For instance, at Templeton, we may have a client based in the US with a contract with us in the UK, while our contractor is from the EU. Alternatively, some clients may opt to hire someone from abroad to come and work in their country temporarily. Although this isn't something we practice at Templeton, it's crucial to consider all options and choose the right one.
Today, there are numerous services like Templeton that facilitate hiring people from abroad, allowing them to work for the client in their country while residing elsewhere. From a compliance standpoint, there are three perspectives to examine. Firstly, there's Templeton's compliance - what we, as a business, must ensure. Then, there’s the client’s compliance, and finally, the worker’s compliance. Each of these has its own set of questions to address.
For clients, determining the appropriate legal framework for engaging the worker is essential. They must decide on issues like whether to employ the worker directly, engage them as a freelancer, work through an agency, or adopt other contract models. For instance, clients may choose to pay for actual work hours (time and materials) or have milestone contracts, where payment depends on specific achievements or deliverables.
When dealing with major global companies, there are additional things to consider. At Templeton, for instance, we often deal with different contracts involving multiple legal entities across various countries. Depending on the client's location, we might have contracts with Templeton Germany, Templeton UK, or Templeton US. So the client might also have to determine between which legal entities the contract should be.
On the worker's side, similar questions arise regarding their employment setup. Are they going to operate through their own company, work as freelancers, or consider other arrangements? Naturally, their preferred payment structure is an important factor to consider as well.
With so many aspects to contemplate, it's essential to adopt a multi-faceted approach and take into account both the client's and worker's perspectives. At Templeton, this is a fundamental aspect of what we do daily. Our role is to present clients and candidates with a comprehensive view of all possibilities, risks, and legal considerations involved. For new contractors transitioning from traditional employment to contracting, we guide them through the process, ensuring they are fully aware of their options and responsibilities.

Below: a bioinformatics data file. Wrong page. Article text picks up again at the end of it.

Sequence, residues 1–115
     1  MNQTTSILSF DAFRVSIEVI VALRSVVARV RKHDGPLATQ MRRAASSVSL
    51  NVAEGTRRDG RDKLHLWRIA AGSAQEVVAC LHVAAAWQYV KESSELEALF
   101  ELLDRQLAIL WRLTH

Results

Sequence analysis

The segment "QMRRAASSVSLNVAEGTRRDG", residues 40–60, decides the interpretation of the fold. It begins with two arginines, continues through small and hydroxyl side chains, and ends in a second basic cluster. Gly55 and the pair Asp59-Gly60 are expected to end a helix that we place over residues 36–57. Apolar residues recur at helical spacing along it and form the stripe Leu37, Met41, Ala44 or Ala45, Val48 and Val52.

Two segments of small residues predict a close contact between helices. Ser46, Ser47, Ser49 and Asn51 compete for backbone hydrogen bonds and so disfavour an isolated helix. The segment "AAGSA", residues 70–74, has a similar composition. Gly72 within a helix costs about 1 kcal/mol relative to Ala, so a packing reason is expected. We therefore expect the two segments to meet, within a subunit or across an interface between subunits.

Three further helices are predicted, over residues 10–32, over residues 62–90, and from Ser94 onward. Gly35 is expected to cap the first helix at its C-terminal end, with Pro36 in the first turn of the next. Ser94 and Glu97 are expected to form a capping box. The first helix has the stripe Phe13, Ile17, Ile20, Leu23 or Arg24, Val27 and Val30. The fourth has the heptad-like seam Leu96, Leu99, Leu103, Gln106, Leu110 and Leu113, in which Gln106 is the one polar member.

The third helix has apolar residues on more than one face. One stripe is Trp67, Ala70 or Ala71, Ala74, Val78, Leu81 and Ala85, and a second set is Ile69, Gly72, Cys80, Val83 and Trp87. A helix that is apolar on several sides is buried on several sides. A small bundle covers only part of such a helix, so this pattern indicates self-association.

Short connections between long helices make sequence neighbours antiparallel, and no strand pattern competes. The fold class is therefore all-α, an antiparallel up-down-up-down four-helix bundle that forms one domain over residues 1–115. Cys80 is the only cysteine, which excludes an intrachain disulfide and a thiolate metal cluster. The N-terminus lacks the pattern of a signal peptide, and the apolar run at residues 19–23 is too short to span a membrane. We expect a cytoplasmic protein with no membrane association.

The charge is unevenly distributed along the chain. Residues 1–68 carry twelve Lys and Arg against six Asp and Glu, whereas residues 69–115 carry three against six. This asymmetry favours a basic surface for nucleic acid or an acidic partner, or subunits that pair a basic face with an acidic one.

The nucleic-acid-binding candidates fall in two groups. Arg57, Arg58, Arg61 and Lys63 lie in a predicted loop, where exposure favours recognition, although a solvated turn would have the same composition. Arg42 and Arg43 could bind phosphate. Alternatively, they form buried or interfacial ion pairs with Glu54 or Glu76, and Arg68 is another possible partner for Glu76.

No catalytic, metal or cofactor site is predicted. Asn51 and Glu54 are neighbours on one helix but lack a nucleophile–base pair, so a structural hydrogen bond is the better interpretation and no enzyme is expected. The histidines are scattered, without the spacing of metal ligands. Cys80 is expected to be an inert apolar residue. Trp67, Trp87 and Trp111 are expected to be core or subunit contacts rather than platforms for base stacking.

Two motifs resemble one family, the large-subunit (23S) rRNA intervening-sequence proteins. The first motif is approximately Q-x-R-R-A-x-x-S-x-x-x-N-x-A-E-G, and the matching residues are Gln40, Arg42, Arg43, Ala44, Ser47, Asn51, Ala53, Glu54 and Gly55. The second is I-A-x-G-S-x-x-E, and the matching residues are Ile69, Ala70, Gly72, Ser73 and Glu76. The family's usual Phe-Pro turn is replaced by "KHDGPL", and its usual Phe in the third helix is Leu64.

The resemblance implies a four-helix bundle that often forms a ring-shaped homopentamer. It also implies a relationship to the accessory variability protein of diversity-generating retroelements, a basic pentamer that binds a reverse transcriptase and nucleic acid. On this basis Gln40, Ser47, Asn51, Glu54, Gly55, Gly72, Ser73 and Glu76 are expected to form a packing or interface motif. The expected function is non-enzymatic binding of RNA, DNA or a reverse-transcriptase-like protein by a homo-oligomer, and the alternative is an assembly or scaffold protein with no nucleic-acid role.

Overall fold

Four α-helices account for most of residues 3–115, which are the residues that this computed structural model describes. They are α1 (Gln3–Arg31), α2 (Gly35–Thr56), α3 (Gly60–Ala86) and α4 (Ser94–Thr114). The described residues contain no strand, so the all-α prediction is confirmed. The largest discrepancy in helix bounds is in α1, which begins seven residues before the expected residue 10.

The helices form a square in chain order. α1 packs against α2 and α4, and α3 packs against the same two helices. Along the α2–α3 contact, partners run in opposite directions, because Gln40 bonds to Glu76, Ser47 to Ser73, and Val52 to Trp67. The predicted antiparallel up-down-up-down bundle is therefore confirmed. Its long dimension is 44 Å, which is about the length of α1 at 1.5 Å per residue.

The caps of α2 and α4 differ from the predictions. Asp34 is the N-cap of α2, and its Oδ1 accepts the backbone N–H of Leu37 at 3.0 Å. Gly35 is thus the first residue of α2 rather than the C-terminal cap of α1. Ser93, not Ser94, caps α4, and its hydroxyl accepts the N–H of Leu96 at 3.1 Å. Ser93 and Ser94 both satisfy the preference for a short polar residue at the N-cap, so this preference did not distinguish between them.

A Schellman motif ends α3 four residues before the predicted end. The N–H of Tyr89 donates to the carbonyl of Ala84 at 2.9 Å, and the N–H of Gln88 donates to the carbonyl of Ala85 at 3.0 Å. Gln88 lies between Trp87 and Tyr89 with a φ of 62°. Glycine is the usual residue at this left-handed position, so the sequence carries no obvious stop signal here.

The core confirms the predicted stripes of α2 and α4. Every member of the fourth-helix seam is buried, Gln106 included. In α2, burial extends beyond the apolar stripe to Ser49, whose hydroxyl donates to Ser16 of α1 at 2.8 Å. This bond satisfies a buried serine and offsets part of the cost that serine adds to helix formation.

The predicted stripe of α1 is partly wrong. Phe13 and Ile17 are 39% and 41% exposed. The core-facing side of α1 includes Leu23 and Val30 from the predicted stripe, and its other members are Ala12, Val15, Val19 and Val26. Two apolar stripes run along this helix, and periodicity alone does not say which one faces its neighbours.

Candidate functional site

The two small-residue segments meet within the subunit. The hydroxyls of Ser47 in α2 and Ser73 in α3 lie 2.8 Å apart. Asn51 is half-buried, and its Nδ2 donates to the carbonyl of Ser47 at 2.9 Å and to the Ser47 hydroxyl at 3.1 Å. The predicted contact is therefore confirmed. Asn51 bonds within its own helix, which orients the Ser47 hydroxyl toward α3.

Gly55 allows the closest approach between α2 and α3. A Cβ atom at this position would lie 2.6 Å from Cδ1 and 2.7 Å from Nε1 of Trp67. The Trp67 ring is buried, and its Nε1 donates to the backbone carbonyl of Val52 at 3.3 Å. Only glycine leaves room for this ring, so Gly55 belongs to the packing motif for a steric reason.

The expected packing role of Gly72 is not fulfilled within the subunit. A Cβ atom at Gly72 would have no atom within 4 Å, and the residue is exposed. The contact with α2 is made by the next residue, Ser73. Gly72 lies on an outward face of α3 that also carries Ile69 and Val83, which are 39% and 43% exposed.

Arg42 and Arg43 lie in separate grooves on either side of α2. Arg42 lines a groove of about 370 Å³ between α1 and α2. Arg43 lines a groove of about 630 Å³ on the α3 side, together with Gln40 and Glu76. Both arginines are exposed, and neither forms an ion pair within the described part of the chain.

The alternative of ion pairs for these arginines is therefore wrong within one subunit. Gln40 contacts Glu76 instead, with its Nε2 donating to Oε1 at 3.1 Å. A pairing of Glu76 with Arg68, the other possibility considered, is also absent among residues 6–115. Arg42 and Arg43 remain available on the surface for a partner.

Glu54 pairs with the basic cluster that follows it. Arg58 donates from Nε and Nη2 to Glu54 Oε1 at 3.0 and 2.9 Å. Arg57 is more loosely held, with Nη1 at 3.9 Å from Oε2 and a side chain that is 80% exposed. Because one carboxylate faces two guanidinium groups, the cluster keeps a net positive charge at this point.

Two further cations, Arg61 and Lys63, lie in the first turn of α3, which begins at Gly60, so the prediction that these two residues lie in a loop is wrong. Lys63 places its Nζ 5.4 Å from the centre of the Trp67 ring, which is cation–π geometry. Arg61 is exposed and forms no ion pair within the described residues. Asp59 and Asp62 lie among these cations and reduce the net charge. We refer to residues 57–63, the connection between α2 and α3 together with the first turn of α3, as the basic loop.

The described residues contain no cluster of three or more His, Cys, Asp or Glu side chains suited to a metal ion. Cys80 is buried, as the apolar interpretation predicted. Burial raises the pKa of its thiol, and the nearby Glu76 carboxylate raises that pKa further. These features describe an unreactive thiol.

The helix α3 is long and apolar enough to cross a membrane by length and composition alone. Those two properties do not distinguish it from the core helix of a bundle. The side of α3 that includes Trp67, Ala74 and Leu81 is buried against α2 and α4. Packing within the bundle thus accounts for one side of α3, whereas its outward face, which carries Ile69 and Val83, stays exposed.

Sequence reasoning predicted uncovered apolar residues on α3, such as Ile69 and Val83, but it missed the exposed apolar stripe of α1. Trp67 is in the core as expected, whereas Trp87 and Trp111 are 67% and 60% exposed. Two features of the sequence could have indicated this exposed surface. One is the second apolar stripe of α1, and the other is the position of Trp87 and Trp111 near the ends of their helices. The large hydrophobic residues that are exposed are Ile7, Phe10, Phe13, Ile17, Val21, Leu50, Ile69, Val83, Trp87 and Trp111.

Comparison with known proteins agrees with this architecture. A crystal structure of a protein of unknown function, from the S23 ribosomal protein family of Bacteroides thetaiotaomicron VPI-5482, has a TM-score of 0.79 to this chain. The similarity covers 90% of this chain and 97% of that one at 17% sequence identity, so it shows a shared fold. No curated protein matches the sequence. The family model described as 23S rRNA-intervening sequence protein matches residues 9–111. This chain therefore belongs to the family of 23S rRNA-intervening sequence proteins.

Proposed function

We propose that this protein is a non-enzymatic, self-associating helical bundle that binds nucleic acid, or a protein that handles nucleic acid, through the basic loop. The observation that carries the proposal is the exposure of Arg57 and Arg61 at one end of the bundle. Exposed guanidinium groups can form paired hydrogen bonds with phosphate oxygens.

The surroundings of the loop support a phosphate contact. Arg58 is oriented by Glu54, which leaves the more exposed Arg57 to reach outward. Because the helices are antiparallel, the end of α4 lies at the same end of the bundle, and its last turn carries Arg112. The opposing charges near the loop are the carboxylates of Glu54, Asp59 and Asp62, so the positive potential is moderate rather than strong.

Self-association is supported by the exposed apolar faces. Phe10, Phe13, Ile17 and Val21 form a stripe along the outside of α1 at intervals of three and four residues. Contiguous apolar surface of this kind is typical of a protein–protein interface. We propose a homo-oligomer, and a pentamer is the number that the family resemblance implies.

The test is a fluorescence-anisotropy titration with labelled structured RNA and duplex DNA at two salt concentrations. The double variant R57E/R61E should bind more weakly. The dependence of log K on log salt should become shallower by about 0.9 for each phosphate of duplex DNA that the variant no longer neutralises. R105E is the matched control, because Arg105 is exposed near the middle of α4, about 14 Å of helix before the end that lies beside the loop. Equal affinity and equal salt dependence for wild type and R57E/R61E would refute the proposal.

Do you know Which Recruitment Model Is Best for You?
What can recruiters do on their side to ensure compliance, especially when dealing with candidates from other countries?
When recruiting candidates from abroad, being proactive is crucial. The first and foremost step recruiters should take is asking the right questions and regularly communicating with the legal department to avoid potential issues. Whenever they come across a new candidate with unclear immigration, visa or right-to-work status, these simple actions can prevent many potential issues down the line.
For instance, you might think you've found the perfect candidate for the job, but they might not have the right to work in the country. Even if they have the right when you first find them, somewhere between the recruitment process and their time with the client, circumstances may change, and they could lose the right to work for whatever reason. Recruiters should be on top of that.
Once you've confirmed that a candidate can work for the client, the next important question is about the type of right to work they have. For example, in the UK, you can obtain the right to work through a settlement status, a spouse visa or a company sponsorship. Workers with settled status or spouse visas can usually work for any company. However, if they're sponsored, they can only work for the sponsoring company, which means that they need a different contract setup. So, along with identification checks, the right-to-work checks are crucial to ensure the candidate can work for the client without any complications. Nobody wants to submit a perfect candidate who can't eventually work for the client.